The basics of filming (1 of 8)
Everyone has to start somewhere. That’s why we made these tips. The basics of small format filmmaking, Super 8×8. 64 tips, 8 workshops, 8 tips in each episode. Today we’re going to be selecting your first Super 8 movie camera. And how to tell if it’s any good.
Super 8 is not video. You can’t delete movie. Once exposed, the 3,600 images per cartridge are chemically bound to the perforated strip for eternity. You should not pull the film out of its cassette before or after exposure. Well, you can do that, but then it’s ruined… Film must remain in the dark until it has been developed. You can only capture 3 minutes and 20 seconds on a cartridge when the movie camera is running at 18 frames per second. If you shoot at the “professional speed” of 24 frames per second, you have to be content with two minutes and 30 seconds. And for that you have to pay around 85 US-$/Euro, including development and scan. So it’s good to think carefully beforehand about what you want to shoot and how. By the way: Super 8 films are only available in this length. You can’t get more into the cartridge: 15 meters! And there is only silent film, since 1997 there are no sound cartridges any more.
Why Super 8 anyway?
I’m sure you already know that or you wouldn’t be reading this text. But I like to say it anyway, just for the record: great colors, every single frame is painted by the film grain, slightly dancing scences, beguiling look. That’s the way it is with Super 8, color or black and white. Ideal for many projects: for music clips, commercials, skater movies, cartoons or short films with a plot. Experimental projects are also possible on Super 8, or combinations of digital video material, undercut with scenes on Super 8.
Is this any good?
Where does the camera come from? From eBay – for 20 US-Dollars/euros? I don’t see why not! You can’t go wrong. But what you have to pay attention to: The seller must confirm in the offer that he has tried the movie camera without film, that it runs at all speeds and that the motor zoom works. If he can’t guarantee that, he writes that he has no idea how to set the thing in motion, but the last time (XXX years ago) the camera was still running at grandpa’s – hands off! There are dozens of Super 8 cameras waiting for you, try next auction. Or go to the flea market, there you can try it out. It’s best to have six 1.5 volt AA batteries in your pocket! Some camera stores, junk shops or photo exchanges offer used Super 8 cameras. And of course www.clickundsurr.de – the analogue photo and film shop in Berlin, also online, sells movie cameras with warranty, which were previously made chic in the workshop.
Do not film right away!
Test each camera first. You get angry if you shoot something important and it doesn’t turn out right. Super 8 cameras are at least 40 years old sweethearts, they can purr and whirr for a long time, but they can also be long gone. After a dry check with batteries, be sure to insert the desired film and make a test exposure. How? We’ll explain later…
When you get old…
…you get weird sometimes. Battery contacts corrode, fungus or dirt collects in the lens and the glass becomes milky cloudy. You can see that right away – and you should avoid such devices. You can also test the light meter. Turn the main switch on, put your hand in front of the lens, point the lens at a bright environment, look through the viewfinder, remove your hand. Does the displayed aperture value change now? Or does a red indicator go out, does a green one appear instead? Then everything is fine.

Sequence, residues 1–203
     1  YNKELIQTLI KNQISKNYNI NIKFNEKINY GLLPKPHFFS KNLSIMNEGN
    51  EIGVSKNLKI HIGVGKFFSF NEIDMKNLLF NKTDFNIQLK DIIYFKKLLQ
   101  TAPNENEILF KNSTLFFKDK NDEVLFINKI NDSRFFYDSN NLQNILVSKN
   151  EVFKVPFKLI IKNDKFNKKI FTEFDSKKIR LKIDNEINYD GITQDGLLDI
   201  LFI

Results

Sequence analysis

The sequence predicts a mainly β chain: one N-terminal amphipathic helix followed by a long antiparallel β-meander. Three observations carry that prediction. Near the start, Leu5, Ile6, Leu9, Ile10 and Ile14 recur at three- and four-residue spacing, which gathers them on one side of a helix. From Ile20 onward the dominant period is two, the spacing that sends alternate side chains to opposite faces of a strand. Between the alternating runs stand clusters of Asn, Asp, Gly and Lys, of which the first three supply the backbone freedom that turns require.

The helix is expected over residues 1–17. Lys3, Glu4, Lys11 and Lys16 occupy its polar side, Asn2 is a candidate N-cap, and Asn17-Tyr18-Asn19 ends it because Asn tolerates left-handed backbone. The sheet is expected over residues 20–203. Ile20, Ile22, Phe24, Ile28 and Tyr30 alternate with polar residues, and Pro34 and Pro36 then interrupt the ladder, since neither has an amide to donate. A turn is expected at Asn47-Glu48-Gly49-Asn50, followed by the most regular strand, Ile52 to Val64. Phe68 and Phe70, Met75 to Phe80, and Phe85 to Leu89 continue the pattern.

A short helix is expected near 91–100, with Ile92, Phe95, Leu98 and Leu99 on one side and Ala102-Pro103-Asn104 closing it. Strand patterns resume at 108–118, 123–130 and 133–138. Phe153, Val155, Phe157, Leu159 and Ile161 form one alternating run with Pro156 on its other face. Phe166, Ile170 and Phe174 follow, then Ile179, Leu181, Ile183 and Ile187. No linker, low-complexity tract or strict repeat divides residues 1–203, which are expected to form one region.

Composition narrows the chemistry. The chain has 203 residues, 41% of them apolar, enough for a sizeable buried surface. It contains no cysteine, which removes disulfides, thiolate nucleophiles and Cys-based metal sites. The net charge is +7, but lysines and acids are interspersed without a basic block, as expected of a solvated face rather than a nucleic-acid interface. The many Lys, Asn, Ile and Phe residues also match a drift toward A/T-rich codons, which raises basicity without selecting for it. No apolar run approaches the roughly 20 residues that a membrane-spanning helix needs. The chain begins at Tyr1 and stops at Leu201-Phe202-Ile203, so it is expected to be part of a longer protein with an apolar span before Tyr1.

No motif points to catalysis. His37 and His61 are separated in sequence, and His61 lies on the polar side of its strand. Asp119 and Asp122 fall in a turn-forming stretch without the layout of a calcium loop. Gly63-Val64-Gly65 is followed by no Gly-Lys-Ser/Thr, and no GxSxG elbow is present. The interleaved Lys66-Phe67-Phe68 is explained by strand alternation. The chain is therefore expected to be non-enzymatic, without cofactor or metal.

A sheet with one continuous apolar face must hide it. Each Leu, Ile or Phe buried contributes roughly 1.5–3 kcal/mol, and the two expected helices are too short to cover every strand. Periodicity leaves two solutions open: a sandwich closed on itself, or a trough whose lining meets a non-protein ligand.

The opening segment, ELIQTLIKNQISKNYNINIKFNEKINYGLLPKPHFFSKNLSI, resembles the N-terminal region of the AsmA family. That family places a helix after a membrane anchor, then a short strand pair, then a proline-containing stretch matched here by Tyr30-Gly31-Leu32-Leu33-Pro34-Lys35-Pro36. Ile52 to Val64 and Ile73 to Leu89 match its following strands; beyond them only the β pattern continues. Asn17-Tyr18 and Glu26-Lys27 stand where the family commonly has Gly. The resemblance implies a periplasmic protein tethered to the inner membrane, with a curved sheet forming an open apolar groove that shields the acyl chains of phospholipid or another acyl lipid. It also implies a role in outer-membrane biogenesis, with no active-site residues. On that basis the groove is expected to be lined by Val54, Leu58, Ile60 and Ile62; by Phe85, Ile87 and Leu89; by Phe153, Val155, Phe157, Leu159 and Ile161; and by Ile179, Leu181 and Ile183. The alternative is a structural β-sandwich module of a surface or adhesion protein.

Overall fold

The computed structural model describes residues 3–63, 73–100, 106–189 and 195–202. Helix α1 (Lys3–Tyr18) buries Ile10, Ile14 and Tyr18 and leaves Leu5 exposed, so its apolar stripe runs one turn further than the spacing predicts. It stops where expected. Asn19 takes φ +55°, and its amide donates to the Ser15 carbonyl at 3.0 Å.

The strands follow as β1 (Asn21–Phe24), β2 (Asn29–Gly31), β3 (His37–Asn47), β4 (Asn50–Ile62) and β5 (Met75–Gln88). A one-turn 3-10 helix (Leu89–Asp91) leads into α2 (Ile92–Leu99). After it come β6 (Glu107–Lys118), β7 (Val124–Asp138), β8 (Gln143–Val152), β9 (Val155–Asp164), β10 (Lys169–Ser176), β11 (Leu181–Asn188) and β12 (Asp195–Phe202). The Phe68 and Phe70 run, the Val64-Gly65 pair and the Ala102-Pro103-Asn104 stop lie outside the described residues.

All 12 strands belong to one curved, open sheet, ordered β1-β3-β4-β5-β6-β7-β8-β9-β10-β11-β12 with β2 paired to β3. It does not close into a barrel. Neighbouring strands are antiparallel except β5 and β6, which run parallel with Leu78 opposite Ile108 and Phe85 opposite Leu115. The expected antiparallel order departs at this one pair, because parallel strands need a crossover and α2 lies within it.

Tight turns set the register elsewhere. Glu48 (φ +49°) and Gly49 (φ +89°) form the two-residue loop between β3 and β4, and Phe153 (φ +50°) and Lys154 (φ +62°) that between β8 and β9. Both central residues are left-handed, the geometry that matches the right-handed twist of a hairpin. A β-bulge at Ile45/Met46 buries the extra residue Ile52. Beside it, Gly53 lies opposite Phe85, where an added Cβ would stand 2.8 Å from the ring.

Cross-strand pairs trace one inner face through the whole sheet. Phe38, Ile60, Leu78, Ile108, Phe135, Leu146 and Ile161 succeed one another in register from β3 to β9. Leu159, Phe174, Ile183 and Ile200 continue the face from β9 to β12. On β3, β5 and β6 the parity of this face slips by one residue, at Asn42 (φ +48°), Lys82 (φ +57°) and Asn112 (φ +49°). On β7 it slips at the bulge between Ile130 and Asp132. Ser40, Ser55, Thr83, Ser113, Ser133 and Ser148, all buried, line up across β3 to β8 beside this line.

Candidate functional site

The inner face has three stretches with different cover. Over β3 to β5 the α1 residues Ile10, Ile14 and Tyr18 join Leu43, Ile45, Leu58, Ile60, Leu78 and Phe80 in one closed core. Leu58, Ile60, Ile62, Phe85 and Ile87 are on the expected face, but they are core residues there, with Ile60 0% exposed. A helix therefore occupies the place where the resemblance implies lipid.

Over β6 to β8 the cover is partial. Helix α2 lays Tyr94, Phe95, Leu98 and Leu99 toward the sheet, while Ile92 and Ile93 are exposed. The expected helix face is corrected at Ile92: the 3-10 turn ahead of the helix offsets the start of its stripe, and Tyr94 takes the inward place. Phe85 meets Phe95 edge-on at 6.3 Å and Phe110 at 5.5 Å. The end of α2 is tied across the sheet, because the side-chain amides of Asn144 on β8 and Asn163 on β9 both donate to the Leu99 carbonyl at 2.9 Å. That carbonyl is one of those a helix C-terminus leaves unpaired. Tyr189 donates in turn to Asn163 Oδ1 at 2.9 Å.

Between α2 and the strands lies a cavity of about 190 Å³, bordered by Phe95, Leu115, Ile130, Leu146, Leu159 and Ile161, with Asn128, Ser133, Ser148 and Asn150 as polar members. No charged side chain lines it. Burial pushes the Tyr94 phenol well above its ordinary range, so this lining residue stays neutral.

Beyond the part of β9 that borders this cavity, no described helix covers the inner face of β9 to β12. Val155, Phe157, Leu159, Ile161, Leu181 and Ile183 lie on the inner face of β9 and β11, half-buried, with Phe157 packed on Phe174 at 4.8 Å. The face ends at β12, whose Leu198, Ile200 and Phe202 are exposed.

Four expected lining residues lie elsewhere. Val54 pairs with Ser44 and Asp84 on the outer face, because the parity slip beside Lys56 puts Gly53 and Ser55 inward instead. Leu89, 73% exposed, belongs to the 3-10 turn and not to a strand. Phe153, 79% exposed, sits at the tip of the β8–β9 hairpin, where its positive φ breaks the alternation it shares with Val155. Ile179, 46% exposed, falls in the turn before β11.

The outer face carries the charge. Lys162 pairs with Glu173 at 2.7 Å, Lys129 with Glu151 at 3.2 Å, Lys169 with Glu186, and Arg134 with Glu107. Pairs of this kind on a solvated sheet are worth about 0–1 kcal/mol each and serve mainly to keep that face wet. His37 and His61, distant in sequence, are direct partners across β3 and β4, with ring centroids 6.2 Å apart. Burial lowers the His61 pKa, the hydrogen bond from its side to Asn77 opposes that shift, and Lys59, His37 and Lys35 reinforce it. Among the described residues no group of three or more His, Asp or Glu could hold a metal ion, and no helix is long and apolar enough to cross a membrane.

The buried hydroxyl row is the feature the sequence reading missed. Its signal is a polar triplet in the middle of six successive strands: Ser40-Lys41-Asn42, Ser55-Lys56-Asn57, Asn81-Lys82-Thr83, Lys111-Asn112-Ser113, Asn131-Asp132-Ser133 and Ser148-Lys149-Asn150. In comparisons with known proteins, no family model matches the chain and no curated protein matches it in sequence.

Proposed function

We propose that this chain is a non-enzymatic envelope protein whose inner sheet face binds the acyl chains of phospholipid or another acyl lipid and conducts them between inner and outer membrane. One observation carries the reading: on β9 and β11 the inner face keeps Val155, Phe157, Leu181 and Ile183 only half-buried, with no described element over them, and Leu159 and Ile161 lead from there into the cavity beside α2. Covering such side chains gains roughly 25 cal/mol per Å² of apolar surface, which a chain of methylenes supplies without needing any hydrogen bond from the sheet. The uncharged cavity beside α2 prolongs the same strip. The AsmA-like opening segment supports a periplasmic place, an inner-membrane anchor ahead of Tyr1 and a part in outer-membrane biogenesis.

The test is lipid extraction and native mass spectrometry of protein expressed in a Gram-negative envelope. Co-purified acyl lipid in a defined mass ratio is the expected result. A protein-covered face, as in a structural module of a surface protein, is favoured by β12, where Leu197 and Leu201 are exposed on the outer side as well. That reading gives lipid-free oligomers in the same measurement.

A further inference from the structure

What you can’t tell by looking at this thing…
What comes next cannot be checked before the purchase. Only a test exposure will show if the light meter is really ok and/or if the code recognition in the film compartment of the camera harmonizes with the sensitivity notch on the cartridge. Thus: buy standard film (e.g. Kodak Tri-X black and white or Kodak Vision3 50D color negative), make a test exposure with automatic exposure, then underexpose and overexpose one aperture in steps of 1/3 aperture. Mark scenes accordingly in the picture! Simply hold a piece of paper with an inscription in front of the lens. After development, check if the camera does everything right in normal position. Or if you have to overexpose or underexpose an aperture to get the look you want. If the deviations are too big, the pictures all too light or too dark, the camera has to be repaired – or a new old one has to be bought.
Some movie cameras, for example many models of Nizo or Elmo, need one or two light meter batteries in addition to the two to six AA motor batteries (1,5V each). These are located in a special compartment. Instead of the formerly common 1.35V batteries PX625 or PX675, which are no longer available today, 1.5V batteries can be used. The changed voltage and the thereby slightly changed exposure metering swallow negative and black and white films without any problems.
To make it sharp
Before holding a piece of paper with aperture values in front of the lens or before taking any test shots that make the camera rattle, first adjust the viewfinder image to your own eye. Put the zoom in the final tele position, take a tape measure and determine a distance of two meters from the film plane. There you put a note with some hand written notice. Now set the focus ring on the lens to two meters at the mark. Directly at the viewfinder you will find the diopter compensation, where you now crank back and forth until the viewfinder image of the written notice is sharp for your eye.
In the next workshop Super 8×8 we will help you to find the right camera model. Which one can do what?
If you can’t wait and want to read all the tips on filming with Super 8 right away, you can pick up this book: https://www.super8shop.de/en/produkt/schmalfilm/buecher_sf/super-8-von-juergen-lossau/